Positive thinking

Buddha said, “What we think, we become.” In difficult economic times, this wisdom is more important to dwell upon than ever. I’m not suggesting that you can wish away bad circumstances or that thinking something will make it so. Rather, I’m saying that our internal dialogue affects our attitude and performance.  And that can mean the difference between being viewed as an asset or a liability at work.

Have you ever stopped to listen to your inner dialogue about work? If it’s full of negativity and pessimism, undoubtedly that is leaking out through your behavior even if you’re unaware of it.

If you’re unhappy in your job, you might be a clock-puncher – someone who shows up every day but does the bare minimum to get by. Or maybe you like your job but don’t relate to your colleagues. Your individual performance is great, but you’re a terrible team member.

If you think that people aren’t noticing your attitude, I’m here to tell you that you’re wrong.  Attitude matters in the best of times. And in times like these, it matters even more.

Let’s face it. Who do you want to work with – the person who is upbeat and positive or the person who always puts a negative spin on things? In boom times, there may be room for everyone. But in down times, it’s the people with the bad attitudes or the half-empty perspective who will likely be the first to go.

I realize that it can be hard to maintain a positive attitude in difficult times. People are afraid, and negative energy permeates the culture. But remember, bad times don’t last forever. Try to look at a down market as an opportunity to show leadership. When everyone else is going through the motions, maintain your passion. Keep up your work ethic and be optimistic. Find ways to improve the work environment.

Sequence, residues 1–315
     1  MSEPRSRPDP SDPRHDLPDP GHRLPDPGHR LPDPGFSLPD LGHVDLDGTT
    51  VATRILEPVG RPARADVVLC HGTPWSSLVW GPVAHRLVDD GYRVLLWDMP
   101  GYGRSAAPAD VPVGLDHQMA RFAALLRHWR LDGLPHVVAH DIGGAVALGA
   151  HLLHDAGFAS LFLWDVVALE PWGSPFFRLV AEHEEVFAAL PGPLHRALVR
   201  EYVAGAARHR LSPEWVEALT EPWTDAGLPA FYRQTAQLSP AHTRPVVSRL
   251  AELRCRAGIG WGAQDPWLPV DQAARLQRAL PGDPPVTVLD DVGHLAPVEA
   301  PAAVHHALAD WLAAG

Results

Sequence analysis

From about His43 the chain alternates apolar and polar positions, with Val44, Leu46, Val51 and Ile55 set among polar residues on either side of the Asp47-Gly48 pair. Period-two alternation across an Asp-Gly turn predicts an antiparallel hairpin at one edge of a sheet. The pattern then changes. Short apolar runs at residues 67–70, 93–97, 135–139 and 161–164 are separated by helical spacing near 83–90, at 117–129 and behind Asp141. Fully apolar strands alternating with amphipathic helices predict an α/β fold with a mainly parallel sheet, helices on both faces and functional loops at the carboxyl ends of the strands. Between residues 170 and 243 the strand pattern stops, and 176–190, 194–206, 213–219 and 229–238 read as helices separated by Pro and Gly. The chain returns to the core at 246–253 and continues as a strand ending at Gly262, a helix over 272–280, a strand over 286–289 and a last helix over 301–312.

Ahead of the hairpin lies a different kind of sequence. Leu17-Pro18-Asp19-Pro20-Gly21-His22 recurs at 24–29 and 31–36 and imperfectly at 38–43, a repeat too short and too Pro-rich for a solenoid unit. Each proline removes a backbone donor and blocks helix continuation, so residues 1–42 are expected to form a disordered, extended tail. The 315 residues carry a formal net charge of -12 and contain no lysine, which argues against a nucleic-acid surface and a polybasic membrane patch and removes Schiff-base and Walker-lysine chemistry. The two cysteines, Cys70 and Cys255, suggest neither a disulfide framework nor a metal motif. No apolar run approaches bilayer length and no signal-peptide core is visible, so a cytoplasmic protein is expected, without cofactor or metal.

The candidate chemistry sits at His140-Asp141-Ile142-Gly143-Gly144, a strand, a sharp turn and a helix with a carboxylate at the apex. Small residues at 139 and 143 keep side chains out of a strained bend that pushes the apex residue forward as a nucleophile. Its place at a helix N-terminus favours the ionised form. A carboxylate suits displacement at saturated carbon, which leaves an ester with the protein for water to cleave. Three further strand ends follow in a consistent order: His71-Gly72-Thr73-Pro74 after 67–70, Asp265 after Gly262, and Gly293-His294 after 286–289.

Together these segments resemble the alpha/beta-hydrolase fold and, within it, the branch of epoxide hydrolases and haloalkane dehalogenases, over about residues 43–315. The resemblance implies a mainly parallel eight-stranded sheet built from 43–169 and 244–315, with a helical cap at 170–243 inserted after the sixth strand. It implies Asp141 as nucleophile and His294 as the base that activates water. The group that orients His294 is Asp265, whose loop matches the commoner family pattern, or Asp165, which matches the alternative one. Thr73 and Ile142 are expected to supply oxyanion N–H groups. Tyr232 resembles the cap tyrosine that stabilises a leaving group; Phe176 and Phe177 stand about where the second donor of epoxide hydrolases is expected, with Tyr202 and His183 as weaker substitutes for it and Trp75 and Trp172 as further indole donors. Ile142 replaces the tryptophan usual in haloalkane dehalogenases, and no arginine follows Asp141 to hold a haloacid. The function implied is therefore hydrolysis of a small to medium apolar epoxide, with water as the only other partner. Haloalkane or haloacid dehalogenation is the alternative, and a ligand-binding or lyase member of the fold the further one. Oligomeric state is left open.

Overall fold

If you manage a staff, it’s especially important that you set the mood for the department. If you’re scared or pessimistic, your staff will be too. Soon you’ll have the perfect breeding ground for rumors and gossip, and productivity will go out the window. So sit your staff down. Have a frank, calm discussion about the health of the company and how people are feeling.

Then, make it clear that you are going to work at your highest level and that you expect the same from them. Keep a vigilant eye for slipping productivity or decreased morale and nip it in the bud quickly.

As a leader, you set the tone. If your employees see that you are positive and productive, it will help them to remain focused. Now is the time to give your best performance. Be the person who others want to work with – the one who is steady, focused and calm. Your performance during the worst of times will put you in a strong position when times improve.

Pay attention to your inner dialogue and make sure that your thoughts bolster your performance and your attitude. You’ll feel better, you’ll do better and others will take notice. 

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